Lavin is on a mission to let people know that hypnotherapy isn't magic or quackery. She laments that the field remains largely misunderstood and underutilized, acknowledging that clients usually come to her when all else has failed. "People tend to use hypnotherapy as a last resort, which is a shame because they could be feeling better a lot sooner if they thought of it earlier," she says.
All in a Day's Work
Like many IPs, a typical day for Lavin is varied and busy. On this day in mid-January she's pulled in many directions. She fields phone calls, sets appointments, gives an interview, and prepares for her upcoming seminar with the Insurance Underwriters of America. Finally, in late afternoon, she breaks for a nap. "It's all craziness," she says, exhaustion lacing her voice. "But this is the great thing about working for yourself -- you can take time off when you need to."
Today, Lavin is largely running on adrenaline. She recently sealed a deal to offer her services through a local health and beauty spa, a partnership that isn't as odd as it first might seem. According to Lavin, hypnotherapy de-stresses the face, adds moisture to the skin, improves circulation, and reduces the appearance of wrinkles and lines. "It's an instant facelift," she notes, admitting that it only lasts a few hours. "But, hey, it can get you through an important evening."
Unlike many hypnotherapists who specialize in one area, such as smoking cessation or weight loss, Lavin is a generalist who welcomes what she calls hypnotherapy's "limitless applications."
She acknowledges that specialists generally make more money, and suggests that perhaps it's because there are fewer of them. As a generalist, Lavin faces far more competition than, for instance, a hypnotist who works exclusively with golfers (yep, you read right: a hypnotist for golfers). Word spreads more quickly in a smaller community than it does among the public at large, she explains. Most successful IPs report that they get most of their business through referrals from other clients. But that isn't always true. Although Lavin gets referrals, there aren't enough of them to keep her business afloat. "I have to keep generating business from scratch," she says. "After the five or six sessions with one client are through, I have to start up all over again looking for a new client."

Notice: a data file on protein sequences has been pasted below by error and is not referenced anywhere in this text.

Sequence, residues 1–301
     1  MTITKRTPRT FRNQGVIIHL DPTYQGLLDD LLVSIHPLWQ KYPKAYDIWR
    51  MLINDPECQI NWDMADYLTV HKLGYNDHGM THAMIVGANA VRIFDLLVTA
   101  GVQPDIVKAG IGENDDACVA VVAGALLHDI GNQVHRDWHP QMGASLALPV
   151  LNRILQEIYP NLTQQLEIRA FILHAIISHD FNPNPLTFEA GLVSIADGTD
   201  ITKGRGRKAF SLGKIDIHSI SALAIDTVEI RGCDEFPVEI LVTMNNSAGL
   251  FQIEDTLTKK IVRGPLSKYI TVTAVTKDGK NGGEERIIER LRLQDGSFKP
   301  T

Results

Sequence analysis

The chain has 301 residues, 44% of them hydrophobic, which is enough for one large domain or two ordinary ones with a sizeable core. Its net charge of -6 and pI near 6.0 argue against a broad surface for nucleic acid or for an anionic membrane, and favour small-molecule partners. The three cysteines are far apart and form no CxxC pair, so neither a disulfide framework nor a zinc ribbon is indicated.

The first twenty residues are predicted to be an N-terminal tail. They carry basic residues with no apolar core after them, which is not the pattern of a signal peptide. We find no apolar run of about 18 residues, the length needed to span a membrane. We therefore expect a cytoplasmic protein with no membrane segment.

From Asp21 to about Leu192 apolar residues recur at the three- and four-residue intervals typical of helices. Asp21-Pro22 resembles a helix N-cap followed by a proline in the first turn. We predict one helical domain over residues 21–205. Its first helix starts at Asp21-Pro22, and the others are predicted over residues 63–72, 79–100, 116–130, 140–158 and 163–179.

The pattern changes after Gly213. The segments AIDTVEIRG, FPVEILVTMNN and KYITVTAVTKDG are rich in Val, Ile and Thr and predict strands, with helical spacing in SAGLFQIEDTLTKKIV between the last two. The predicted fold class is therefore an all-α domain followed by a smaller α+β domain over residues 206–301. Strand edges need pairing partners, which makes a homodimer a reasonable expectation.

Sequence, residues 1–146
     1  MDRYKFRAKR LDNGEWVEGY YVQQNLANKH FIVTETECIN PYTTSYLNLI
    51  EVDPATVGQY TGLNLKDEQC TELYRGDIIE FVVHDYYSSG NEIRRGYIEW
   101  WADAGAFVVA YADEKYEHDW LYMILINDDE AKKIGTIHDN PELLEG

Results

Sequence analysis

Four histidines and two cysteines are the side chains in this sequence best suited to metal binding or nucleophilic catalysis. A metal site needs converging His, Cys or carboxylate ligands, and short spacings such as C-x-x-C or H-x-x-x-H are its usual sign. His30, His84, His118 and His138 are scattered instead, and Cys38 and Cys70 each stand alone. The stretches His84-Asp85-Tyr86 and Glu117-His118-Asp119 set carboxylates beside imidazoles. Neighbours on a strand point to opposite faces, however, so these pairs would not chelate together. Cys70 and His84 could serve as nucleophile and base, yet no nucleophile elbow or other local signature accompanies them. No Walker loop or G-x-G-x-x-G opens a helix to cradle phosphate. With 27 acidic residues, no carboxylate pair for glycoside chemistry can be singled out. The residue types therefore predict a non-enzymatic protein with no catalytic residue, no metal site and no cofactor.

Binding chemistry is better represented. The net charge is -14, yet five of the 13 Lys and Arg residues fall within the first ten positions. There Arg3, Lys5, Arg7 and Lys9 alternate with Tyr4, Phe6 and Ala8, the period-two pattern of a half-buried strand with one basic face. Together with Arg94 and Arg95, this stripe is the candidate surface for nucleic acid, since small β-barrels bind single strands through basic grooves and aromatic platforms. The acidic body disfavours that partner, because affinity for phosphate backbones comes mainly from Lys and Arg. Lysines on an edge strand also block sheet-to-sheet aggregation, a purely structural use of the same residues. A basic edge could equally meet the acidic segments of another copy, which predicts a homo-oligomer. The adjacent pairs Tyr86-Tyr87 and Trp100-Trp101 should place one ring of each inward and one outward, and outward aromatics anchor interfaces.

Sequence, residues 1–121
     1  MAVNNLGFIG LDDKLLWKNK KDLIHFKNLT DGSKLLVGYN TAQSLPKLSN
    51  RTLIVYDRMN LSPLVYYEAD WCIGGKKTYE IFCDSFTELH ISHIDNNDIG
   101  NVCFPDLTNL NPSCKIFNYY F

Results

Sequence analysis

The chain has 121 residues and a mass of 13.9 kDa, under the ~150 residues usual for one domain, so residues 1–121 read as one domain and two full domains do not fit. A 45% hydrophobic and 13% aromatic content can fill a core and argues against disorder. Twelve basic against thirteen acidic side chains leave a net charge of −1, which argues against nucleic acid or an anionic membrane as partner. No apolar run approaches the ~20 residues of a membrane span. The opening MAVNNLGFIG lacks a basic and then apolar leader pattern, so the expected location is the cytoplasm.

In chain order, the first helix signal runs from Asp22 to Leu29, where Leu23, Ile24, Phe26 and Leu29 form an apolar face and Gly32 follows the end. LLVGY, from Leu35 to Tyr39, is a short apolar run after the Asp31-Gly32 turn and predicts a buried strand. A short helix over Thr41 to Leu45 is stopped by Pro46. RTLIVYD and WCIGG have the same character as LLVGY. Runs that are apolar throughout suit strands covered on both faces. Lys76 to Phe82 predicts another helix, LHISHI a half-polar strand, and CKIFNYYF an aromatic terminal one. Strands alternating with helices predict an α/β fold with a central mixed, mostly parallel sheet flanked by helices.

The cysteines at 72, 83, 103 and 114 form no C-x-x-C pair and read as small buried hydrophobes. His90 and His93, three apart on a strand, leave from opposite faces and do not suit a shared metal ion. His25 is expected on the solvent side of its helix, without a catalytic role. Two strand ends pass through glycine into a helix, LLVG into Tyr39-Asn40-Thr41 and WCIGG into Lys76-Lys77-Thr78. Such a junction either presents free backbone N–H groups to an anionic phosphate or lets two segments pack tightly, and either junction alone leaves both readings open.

However, she feels that the hardships of being a generalist are outweighed by the no-doze factor. "It's just plain interesting to work with all kinds of people," she says. "I'm never bored by work, and rarely do I deal with the same situation twice."
Lavin is part of the first wave of hypnotherapists that has begun to have an impact on the workplace. She regularly coaches corporate groups on the benefits of hypnotherapy. "Stress is a major problem in our culture. We used to have lunch breaks and time off -- now people are constantly working. You can bring in all the gung-ho motivational speakers you want, but nobody is going to be any good at their jobs without balance in their lives," she says.